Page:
Monday, December 9, 2013

Feeding 3,000 - and the Prayer Wave to Stamp Out Global Hunger

On December 10th, 2013, in every time zone of the world at 12 noon, please pray to stamp out global hunger.  Pope Francis just launched the campaign through a video.

With that in mind, I am reprinting here a story of feeding the 3,000, an extraordinary day in my life in April 2005, with one of my sons, a good friend, Greg Dix, and two of the Missionaries of the Poor serving the poorest of the poor in Jamaica. The actions of one farmer and a few willing volunteers can make a difference to so many lives. Won't you join the #PrayerWave today? #Food4All Won't you pray for an end to hunger every day?

If you have eaten today, please pray for all those who have not been so lucky!

--------------------------------------- April 2005 -----------------------------------------------

        A spring vacation in Jamaica!  Doesn’t that sound exciting?  After a cold, damp winter, I left on Easter Monday to travel to Kingston, Jamaica, with ten others from Our Lady of Good Counsel parish.  But this was no Spring Break – we were journeying to the facilities of Father Ho Lung and the Missionaries of the Poor.  Ten of us were going, and five, like my son and I, had never been on such a visit.  We were an eclectic group of women and men, from teenagers to grandparents, students, teachers, doctors and managers.  For those five of us who were new to this experience, we were both excited and anxious about the unknown journey ahead of us for the next few days.  We would soon be changed by this encounter in ways we are still learning to understand.
When we arrived, Monday, we had brief tours of the Brother’s living quarters and chapels, which were simple, but beautiful.  They were, however, far from the resorts, located in the neighborhoods with the poorest of the poor in Kingston.  As we drove from the airport to the Missionaries of the Poor, we saw street after street lined with homes.  Not homes as we know them, but shacks put together with scraps of wood and metal that were all that the poor could find.  Blank stares from the adults were cast in our direction as we drove by, and the occasional wave from a child seemed to recognize that we were not part of the usual traffic on the streets.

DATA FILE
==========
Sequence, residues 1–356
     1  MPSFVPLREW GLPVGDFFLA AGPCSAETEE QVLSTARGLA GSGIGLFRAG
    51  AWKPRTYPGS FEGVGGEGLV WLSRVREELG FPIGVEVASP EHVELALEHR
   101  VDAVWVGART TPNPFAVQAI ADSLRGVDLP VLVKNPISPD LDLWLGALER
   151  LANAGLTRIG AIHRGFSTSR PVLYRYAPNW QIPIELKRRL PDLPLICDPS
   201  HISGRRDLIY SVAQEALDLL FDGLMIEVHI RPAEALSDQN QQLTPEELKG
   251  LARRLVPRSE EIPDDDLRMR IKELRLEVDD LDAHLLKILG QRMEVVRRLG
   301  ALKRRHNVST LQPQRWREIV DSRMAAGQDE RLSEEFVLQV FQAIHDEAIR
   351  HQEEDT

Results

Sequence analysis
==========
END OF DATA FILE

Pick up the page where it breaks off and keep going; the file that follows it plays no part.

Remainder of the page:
Our work really began on Tuesday, when I joined two other volunteers, Carol and Lisa, at Good Shepherd mission.  This facility, for men (and a few boys), held about 60 residents.  I had never experienced such levels of poverty, where even the clothes that the residents wore where not theirs, but were provided by the Brothers through donations and gifts from places like Moorestown and Mount Laurel.  The residents suffered from many physical, mental and emotional challenges.  I had expected to encounter various mental handicaps among those who lived at Good Shepherd.  What I had not been prepared for was the physical handicaps that were the daily challenge of so many of the residents.  It took some time to get acclimated, and to see past the scars, wounds and bent limbs to see the person behind the eyes and smile.
My most startling realization, made during the first two days in caring for these residents, is that they are not the poor, or the homeless.  They are not people to be classified or generalized with these categories.  They are God’s children, and they have names.  They are Trevor, and Sheldon, and Jasper, and Duncan.  I quickly found that they wanted to know my name, and for those who could speak, they were excited when someone else knew their name.  When Sheldon heard that someone had been speaking about him the night before we arrived, his smile and whole face beamed with joy – someone outside these 12-foot high walls knew who he was.  Or in his words, “They know my face!?”